Why virtualisation gets top marks

Major implementation highlights the benefits and pitfalls of going virtual

Many organisations are still experimenting with virtualisation to get the best from their IT infrastructure, but the Association of Teachers and Lecturers (ATL) has embraced the technology, and is nearing the end of a virtualisation programme that began in July 2005.

As reported in Computer Weekly earlier this month, the ATL has used VMware's ESX Server 2.5 platform to virtualise 17 core applications. Among these are Microsoft Exchange Server 2003 with Active Directory, Microsoft SQL Server 2000, Lotus Domino and an Oracle 9i 10g database.

Shifting these applications into a pool of virtualised computing resources has enabled the ATL to consolidate its servers at a ratio of five to one, reducing hardware and maintenance costs in the process.

The ATL has also gained the ability to recover quickly from system failures, as it can quickly move running applications between machines, and in and out of its disaster recovery environment, using VMware's VMotion tool.

Bernard King, systems architect at the ATL, said this ability was tested on 15 November last year when an important HP Proliant G4 server experienced power loss, knocking out the Exchange server. "During the night it rebooted, so it shut down and switched back on again in a previous state," said King.

But the ATL's virtual environment meant that within an hour the IT department had shifted the critical server applications onto another machine, and located the hardware fault inside the motherboard.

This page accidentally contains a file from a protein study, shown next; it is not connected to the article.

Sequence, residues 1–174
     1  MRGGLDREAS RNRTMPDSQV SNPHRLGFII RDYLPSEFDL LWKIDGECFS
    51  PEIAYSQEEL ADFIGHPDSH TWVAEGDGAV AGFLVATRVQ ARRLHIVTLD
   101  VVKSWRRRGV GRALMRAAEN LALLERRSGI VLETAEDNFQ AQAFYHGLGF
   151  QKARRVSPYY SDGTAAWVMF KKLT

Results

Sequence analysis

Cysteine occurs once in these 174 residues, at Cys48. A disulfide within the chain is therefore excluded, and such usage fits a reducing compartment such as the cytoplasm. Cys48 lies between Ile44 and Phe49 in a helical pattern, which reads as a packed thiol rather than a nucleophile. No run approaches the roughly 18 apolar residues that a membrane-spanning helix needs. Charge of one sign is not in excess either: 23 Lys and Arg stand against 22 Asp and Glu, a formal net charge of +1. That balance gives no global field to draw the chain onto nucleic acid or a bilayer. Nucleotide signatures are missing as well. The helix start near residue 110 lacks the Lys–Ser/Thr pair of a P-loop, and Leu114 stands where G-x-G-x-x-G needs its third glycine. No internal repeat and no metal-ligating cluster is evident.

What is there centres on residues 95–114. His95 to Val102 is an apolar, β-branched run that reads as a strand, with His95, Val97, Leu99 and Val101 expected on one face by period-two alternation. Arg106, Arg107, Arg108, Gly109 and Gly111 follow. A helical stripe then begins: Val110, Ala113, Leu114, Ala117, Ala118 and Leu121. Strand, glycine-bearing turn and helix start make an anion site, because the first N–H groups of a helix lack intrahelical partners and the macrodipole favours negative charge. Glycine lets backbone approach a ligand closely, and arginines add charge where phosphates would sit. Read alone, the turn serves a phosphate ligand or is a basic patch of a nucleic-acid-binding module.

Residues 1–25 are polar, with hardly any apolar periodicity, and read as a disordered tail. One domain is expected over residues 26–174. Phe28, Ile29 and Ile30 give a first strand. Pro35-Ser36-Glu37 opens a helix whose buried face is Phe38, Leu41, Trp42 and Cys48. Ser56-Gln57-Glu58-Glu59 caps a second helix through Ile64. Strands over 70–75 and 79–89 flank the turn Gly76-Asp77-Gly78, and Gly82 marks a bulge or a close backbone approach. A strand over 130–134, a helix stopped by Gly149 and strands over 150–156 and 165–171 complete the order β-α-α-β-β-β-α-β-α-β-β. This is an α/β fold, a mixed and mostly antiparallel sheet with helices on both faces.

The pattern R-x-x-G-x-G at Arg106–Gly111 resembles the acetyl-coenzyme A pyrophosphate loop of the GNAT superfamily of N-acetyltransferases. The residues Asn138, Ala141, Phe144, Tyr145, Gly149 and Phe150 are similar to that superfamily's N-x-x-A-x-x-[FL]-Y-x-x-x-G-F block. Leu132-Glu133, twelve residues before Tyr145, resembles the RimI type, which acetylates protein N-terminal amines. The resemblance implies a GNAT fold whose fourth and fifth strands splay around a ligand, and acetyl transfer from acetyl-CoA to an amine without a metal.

The server consolidation also means that the ATL now has a pool of spare servers that it is starting to redeploy for network load balancing on its website, said King.

The ATL has also found that virtualisation makes more demands on the storage area network (San), and has begun reorganising the San to make it bigger and more robust.

"VMware requires a different way to balance the load, as you have multiple machines accessing the hard disc. So you are constantly having to restructure the San," said King. The ATL has added a second San for backup purposes.

One key issue the ATL has been forced to confront is licensing. Under many licences, applications are tied to particular servers, so moving them around can break the terms of existing agreements. This has caused the ATL to shelve moving some systems over to the virtual environment, including a document management system.

"Licensing can be a sticking point when deciding whether or not to virtualise. With our document management system, the supplier was reluctant to support it. They were going to put us on a support contract that would be more costly so we decided not to virtualise it," said King.

However, both Microsoft and Oracle have agreed to ATL running their applications over multiple machines, licensing them per user rather than per CPU core.

Application support has also changed, because some of the ATL's suppliers prefer the ATL to send DVDs with virtual machines running the application to help fix any errors. This was the case with both Tridian, the ATL's content management supplier, and Verity.

But King and the ATL are far from finished with virtualisation technology. The plan for this year includes virtualising key Blackberry servers, an Autonomy Idol system, and 64-bit Exchange Server 2005.

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